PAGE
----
Ronald J. deLeeuw

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MOTIVATION Array comparative genomic hybridization (aCGH) is a pervasive technique used to identify chromosomal aberrations in human diseases, including cancer. Aberrations are defined as regions of increased or decreased DNA copy number, relative to a normal sample. Accurately identifying the locations of these aberrations has many important medical(More)
BACKGROUND Array comparative genomic hybridization (CGH) is a technique which detects copy number differences in DNA segments. Complete sequencing of the human genome and the development of an array representing a tiling set of tens of thousands of DNA segments spanning the entire human genome has made high resolution copy number analysis throughout the(More)
BACKGROUND Recent advances in global genomic profiling methodologies have enabled multi-dimensional characterization of biological systems. Complete analysis of these genomic profiles require an in depth look at parallel profiles of segmental DNA copy number status, DNA methylation state, single nucleotide polymorphisms, as well as gene expression profiles.(More)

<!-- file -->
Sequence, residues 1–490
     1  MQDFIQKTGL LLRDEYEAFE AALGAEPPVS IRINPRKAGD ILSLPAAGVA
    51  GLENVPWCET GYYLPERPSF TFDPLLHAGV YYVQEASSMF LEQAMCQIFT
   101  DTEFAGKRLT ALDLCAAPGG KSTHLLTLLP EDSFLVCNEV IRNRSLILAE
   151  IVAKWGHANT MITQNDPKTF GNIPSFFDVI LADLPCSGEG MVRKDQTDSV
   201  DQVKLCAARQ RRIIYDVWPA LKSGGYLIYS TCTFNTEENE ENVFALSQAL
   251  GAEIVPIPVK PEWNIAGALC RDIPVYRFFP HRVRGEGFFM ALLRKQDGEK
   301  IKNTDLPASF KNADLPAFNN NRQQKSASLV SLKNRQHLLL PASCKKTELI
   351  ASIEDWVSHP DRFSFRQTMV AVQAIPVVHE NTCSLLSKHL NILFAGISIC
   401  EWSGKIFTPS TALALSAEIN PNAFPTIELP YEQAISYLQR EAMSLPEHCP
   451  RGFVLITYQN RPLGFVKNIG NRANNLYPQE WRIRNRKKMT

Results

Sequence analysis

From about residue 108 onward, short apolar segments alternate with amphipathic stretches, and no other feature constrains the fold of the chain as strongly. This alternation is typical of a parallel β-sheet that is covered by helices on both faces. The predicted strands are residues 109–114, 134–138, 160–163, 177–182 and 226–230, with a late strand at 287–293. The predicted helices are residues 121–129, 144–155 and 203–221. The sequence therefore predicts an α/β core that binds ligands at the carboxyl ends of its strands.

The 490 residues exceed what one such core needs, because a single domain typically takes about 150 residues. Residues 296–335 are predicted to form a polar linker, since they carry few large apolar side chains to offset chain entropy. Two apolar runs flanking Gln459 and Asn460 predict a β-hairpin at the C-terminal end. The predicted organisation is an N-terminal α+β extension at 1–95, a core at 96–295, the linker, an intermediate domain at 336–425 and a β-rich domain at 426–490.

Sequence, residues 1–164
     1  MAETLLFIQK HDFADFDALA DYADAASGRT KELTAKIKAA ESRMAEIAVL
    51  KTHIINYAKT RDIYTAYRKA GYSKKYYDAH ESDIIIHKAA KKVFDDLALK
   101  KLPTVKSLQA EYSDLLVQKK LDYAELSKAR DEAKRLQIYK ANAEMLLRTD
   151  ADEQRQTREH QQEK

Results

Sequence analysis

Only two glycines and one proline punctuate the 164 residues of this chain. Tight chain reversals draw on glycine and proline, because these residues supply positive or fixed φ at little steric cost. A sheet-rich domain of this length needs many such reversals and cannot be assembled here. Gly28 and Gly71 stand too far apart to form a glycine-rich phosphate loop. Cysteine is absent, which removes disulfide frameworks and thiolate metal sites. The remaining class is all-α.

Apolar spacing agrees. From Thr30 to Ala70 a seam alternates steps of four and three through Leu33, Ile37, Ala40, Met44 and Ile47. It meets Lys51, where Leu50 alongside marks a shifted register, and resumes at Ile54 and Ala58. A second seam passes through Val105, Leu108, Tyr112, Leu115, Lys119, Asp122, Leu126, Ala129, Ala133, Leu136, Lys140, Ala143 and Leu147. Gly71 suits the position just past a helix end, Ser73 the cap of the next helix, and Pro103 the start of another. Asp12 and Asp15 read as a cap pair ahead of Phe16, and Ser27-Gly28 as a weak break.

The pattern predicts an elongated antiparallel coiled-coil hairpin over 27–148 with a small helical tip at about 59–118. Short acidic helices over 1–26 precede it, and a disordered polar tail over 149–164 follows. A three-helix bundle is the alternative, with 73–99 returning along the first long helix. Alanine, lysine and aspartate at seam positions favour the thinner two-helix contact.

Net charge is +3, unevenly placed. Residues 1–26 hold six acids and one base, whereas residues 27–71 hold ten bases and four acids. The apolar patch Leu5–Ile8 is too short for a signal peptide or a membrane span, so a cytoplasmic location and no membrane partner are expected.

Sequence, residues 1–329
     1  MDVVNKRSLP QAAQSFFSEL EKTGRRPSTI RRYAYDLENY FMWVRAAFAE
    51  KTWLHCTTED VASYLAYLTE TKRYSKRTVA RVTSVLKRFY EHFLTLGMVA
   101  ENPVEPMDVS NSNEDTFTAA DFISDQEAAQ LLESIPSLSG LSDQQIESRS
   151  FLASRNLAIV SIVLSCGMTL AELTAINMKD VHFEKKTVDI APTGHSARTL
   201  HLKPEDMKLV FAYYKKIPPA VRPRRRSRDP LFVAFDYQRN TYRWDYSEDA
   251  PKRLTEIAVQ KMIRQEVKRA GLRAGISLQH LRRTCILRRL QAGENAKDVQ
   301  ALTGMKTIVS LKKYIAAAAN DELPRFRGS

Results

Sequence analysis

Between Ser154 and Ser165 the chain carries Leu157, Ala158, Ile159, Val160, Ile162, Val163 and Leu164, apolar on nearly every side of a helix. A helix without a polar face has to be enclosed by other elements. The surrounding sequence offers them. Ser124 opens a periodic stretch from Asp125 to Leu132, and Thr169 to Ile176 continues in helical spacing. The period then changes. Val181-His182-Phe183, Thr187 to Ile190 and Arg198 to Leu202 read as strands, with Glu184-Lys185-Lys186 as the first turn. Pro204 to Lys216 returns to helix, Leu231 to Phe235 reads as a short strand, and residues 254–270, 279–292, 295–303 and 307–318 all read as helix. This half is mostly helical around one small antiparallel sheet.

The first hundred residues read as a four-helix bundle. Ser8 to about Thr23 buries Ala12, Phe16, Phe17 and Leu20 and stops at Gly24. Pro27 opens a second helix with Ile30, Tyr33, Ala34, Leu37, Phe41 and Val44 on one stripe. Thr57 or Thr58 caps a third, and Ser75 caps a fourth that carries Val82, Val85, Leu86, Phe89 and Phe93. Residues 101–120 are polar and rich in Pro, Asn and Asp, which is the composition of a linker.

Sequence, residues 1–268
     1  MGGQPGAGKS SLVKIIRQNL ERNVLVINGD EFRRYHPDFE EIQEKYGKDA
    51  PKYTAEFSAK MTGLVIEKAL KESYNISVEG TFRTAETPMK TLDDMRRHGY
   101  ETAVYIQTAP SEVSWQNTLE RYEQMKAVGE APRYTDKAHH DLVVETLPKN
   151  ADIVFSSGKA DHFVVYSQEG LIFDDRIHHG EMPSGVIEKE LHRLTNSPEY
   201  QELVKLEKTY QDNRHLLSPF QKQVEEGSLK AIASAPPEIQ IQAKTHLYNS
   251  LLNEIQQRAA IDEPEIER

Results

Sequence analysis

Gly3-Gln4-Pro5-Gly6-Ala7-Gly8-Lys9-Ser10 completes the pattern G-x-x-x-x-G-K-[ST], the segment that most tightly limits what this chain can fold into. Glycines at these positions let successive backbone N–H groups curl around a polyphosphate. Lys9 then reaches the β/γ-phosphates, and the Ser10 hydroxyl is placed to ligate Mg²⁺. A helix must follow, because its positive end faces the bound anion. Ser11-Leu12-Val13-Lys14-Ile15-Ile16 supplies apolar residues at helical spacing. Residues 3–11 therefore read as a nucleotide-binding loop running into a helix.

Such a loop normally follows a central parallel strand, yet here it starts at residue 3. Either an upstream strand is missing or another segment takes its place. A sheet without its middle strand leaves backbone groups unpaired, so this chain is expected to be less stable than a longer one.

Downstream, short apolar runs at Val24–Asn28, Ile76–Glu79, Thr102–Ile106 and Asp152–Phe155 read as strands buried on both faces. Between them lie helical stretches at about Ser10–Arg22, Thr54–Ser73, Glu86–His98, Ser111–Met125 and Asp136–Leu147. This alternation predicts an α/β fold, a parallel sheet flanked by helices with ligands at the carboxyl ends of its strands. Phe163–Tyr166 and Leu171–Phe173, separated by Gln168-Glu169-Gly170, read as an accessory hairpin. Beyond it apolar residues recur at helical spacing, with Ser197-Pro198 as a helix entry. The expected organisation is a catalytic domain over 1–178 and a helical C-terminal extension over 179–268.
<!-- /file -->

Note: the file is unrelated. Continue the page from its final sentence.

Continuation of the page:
BACKGROUND The recent development of array based comparative genomic hybridization (CGH) technology provides improved resolution for detection of genomic DNA copy number alterations. In array CGH, generating spotting solution is a multi-step process where bacterial artificial chromosome (BAC) clones are converted to replenishable PCR amplified fragments(More)
Pheochromocytomas (PCC) are catecholamine-producing tumors arising from the adrenal medulla that occur either sporadically or in the context of hereditary cancer syndromes, such as multiple endocrine neoplasia type 2 (MEN2), von Hippel-Lindau disease (VHL), neurofibromatosis type 1, and the PCC-paraganglioma syndrome. Conventional comparative genomic(More)
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